Prima Materia brought 32 artists together to confront the concurrent movements, Arte Povera in Italy and Mono-ha in Japan. The result is a broad dialogue between polarities, high and low, noise and silence, emptiness and fullness, abstraction and figuration. The works in the show all possess a sense of belonging in the space. Perhaps this results from the artists’ very present influence how on the presentation of their work or from the bold decisions on the part of the curators to hang paintings on irregular brick walls and work with instead of fight against the architectural nuances of the Tadao Ando-designed interior. The works that resonate most were by Roman Opalka, Lizzie Fitch & Ryan Trecartin, Nobuo Sekine, Zeng Fanzhi, Roni Horn and Loris Gréaud.
Ai Weiwei’s work could be found in three places during the Biennale, SACRED, in the church of Sant’Antonin, Bang, at the German Pavilion and Straight, on the island of Giudecca. I found this last installation to be the most powerful. The artist and his team excavated 150 tons of bent rebar from the primary school that was destroyed due to poor government building codes during the Sichuan earthquake in 2008. 5,000 students were killed. Weiwei’s team hammered each rebar until it was perfectly straight, then arranged them so that the end product looked like wave. The life forces lost in the earthquake and the energy it look to bang out the rebars, then transport them all to Venice and stack them atop one another is truly sensed in the installation.
Sonia Falcone’s installation in the Arsenale was a breath of fresh air. The colors and smells were a striking difference to the otherwise stale and raw atmosphere of old shipyard. Her work was apart of a larger project on the part of the curators to bring together European and Latin American artists to address the geopolitical issues that affect contemporary art. Entitled “El Atlas del Imperio” (The Atlas of the Empire), the exhibition’s artists framed their own cartographies based on symbols, interpersonal relationships, and historical associations to a place. Falcone, a Bolivian artist, carefully filled clay pots with various exotic spices, reminding us of Venice’s past as a port town that saw a lot of trade between Europe and Asia, and now, with the new world.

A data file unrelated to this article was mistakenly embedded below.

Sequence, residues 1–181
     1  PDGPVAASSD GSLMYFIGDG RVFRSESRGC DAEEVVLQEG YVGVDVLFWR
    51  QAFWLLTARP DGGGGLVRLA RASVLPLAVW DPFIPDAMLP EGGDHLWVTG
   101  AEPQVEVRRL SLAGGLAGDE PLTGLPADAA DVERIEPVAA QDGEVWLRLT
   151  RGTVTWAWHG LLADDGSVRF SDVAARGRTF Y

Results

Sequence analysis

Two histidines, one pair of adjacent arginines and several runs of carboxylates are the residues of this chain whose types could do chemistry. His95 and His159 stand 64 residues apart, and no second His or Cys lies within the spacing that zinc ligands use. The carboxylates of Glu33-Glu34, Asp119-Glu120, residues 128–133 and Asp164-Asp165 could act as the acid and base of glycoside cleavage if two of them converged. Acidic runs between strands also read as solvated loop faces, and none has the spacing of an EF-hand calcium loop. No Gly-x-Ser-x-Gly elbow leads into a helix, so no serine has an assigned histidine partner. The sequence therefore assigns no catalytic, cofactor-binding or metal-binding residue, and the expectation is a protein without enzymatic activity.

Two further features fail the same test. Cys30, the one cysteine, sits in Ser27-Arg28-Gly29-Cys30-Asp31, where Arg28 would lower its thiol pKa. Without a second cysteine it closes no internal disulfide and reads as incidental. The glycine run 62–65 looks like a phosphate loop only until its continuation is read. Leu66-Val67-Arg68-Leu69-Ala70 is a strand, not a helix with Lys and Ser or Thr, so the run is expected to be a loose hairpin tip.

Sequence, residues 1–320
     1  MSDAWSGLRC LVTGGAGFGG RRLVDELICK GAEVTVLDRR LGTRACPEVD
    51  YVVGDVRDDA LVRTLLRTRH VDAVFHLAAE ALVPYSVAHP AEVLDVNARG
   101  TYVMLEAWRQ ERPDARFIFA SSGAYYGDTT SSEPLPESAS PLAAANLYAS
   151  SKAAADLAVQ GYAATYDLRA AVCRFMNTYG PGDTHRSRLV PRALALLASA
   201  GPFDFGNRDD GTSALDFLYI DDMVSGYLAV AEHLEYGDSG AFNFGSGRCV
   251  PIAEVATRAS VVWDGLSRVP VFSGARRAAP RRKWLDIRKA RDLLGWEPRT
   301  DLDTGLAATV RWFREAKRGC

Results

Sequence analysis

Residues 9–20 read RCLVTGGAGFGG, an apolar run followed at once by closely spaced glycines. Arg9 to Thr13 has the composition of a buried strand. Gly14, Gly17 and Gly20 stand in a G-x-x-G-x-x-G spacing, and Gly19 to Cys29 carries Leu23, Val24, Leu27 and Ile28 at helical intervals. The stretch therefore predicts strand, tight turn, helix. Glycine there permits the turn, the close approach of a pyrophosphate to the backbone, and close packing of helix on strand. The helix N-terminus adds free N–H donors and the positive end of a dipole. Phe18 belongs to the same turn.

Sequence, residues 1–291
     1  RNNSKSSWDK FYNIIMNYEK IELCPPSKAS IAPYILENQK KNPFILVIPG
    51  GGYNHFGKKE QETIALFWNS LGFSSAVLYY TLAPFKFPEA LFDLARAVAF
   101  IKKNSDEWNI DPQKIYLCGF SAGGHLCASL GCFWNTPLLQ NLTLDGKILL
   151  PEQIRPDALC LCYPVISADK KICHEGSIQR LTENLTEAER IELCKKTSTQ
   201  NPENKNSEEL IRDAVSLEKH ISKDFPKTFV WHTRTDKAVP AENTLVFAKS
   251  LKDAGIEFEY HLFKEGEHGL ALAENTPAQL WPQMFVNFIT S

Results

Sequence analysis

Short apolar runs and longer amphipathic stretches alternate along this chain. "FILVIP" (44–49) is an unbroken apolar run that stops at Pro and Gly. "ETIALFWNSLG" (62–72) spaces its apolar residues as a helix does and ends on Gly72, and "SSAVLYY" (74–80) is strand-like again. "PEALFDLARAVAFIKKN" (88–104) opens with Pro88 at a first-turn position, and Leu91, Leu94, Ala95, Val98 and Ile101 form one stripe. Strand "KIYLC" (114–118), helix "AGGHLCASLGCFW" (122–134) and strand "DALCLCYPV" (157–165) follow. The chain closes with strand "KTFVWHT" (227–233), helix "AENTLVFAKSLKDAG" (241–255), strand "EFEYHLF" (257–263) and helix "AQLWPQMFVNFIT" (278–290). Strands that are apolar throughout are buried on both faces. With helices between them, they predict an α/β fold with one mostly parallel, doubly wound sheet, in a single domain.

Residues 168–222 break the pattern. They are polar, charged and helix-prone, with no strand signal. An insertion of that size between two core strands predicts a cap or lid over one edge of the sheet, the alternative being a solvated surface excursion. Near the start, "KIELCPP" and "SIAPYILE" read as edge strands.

Like Falcone, Alfredo Jaar too is interested in geography and how a place is viewed and mapped out in cartographic representation. Venezia, Venezia deals with issues of globalization, in particular how it has dissolved national borders and blurred differences. Conflict, therefore, is no longer a matter of fighting for territory but exists in ideologies, occurring slowly and unremittingly. The work shows the Giardini of Venice slowly rising out of water and then slowly submerging, a fate that many fear the unparalleled city will face.
Other than a few highlights, such the Danh Vo installation, a vitrine with works by Ron Nagle, a film by Helen Marten, a gallery dedicated to Cindy Sherman’s private collection, the juxtaposition of Richard Serra and Thierry De Cordier, and a room of abstract works by Wade Guyton, Pamela Rosenkranz and Alice Channer, walking through this sprawling exhibition felt discombobulated. Then again, encyclopedias are meant to serve up a breadth of knowledge, ideas, geographies and visual styles. There was one thing that did stop me dead in my tracks, a group of arresting photographs by Viviane Sassen. Sassen, originally from Amsterdam, spent a brief part of her childhood in Kenya where she was inspired by its striking contrasts and beauty. Her photographs are characterized by images of human bodies united and connected, drawn from the artist’s personal longing for real closeness. Her arrangements transform flesh into sculpture and moments into mysterious narratives, a treat for those who let art show them the world in an unfamiliar way.